Smithtown East's Ryan Pennisi (8) strokes a solo homer to...

Smithtown East's Ryan Pennisi (8) strokes a solo homer to centerfield against Half Hollow Hills East during the sixth inning on Monday, April 29, 2019. Credit: Joseph D. Sullivan

What looks good on the outside doesn’t always feel good on the inside. Such was the case for the Smithtown East baseball team entering Monday’s game against visiting Half Hollow Hills East. The Bulls were atop League III but were experiencing a drought of clutch hits. Twice in the previous week they’d put all kinds of traffic on the bases, only to get shut out by Newfield.

In the sixth inning of a taut pitchers’ duel, Smithtown East’s Ryan Pennisi finally ended that drought with a tying solo homer. Six batters later, Nick Harvey’s two-run single through the middle helped the Bulls earn a 3-2 win.

“We finally broke through with Nick’s hit. He didn’t hit it that hard, but it found a hole, and maybe that’s the start of something for us,” Bulls coach Ken Klee said. “We’ve left so many men on base that it’s totally in our heads. It’s the elephant in the room. The games we lost last week were 2-0, 1-0, and we had guys on base all game . . . Nick’s hit brings a big sigh of relief.”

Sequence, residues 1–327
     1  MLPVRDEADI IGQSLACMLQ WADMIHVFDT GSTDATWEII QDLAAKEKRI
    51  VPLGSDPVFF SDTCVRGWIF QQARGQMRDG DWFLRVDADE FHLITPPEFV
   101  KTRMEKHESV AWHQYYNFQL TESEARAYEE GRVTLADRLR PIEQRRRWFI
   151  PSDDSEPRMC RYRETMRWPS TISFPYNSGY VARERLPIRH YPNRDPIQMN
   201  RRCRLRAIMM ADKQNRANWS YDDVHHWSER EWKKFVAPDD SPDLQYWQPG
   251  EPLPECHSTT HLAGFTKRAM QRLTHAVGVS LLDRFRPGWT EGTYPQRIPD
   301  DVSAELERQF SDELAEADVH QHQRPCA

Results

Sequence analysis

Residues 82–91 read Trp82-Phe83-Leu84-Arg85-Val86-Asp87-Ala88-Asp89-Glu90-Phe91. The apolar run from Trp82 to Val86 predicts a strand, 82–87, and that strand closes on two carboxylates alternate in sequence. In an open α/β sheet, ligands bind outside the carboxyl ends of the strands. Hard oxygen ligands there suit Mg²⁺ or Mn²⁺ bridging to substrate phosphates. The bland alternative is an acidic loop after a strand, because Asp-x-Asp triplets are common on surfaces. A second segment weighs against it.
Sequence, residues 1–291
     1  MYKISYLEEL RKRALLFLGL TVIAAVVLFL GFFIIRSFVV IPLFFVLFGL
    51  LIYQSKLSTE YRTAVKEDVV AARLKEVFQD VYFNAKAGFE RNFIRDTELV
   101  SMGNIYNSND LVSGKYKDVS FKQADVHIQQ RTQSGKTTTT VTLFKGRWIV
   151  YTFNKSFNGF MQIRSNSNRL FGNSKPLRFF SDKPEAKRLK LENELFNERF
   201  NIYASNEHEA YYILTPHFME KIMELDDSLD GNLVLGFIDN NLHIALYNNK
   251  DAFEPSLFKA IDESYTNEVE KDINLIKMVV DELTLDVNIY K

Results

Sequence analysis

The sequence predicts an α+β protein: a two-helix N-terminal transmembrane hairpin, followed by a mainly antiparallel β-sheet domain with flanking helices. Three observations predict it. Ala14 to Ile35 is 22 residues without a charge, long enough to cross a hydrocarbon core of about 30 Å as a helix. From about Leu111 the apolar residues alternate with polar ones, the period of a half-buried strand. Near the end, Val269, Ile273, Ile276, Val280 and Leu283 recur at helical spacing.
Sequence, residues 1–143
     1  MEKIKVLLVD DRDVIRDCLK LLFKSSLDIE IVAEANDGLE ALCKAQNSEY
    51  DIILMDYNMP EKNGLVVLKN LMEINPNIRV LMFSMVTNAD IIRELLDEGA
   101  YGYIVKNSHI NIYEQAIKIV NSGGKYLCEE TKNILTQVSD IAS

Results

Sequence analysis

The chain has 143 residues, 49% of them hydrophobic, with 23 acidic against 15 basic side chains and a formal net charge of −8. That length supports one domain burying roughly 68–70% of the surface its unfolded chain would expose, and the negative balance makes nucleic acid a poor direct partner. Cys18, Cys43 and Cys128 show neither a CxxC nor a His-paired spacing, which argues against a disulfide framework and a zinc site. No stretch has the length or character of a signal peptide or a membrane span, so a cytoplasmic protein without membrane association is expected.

Smithtown East (9-3, 8-2) had stranded nine runners in five innings and had gone 0-for-4 with runners in scoring position.

“We haven’t been scoring a lot, so the pressure feels more every time we don’t get the hit with runners on,” Harvey said. “You hope a hit like this one knocks something loose for us so we can relax again in those situations.”

Until the three-run sixth, pitching-rich Smithtown East appeared to be on the brink of wasting the combined efforts of righthanded starter Doug Goodwin and lefthanded reliever Michael Storms, who came on during the fifth.

The outburst put the Bulls up 3-1, but the Thunderbirds (8-6, 7-6) — who had taken a 1-0 lead on Nick Gavilla’s RBI single in the third — cut it to 3-2 in the seventh on Chris McLaughlin’s pinch-hit RBI single.

Storms shut it down by getting a game-ending 6-4-3 double play. “I like the big situations,” he said.

Klee called Pennisi’s homer “our best at-bat of the season.” He fouled off four pitches before hitting a full-count fastball over the 340-foot sign in left-centerfield. “I was just looking for a solid hit to help get us even,” Pennisi said of his first homer. “It felt good off the bat and then I saw their centerfielder [wouldn’t catch it].”

Klee hopes a win like this will have a lasting impact. “All it should take is one guy to break that seal,” he said, “and then everyone can relax a little bit.”

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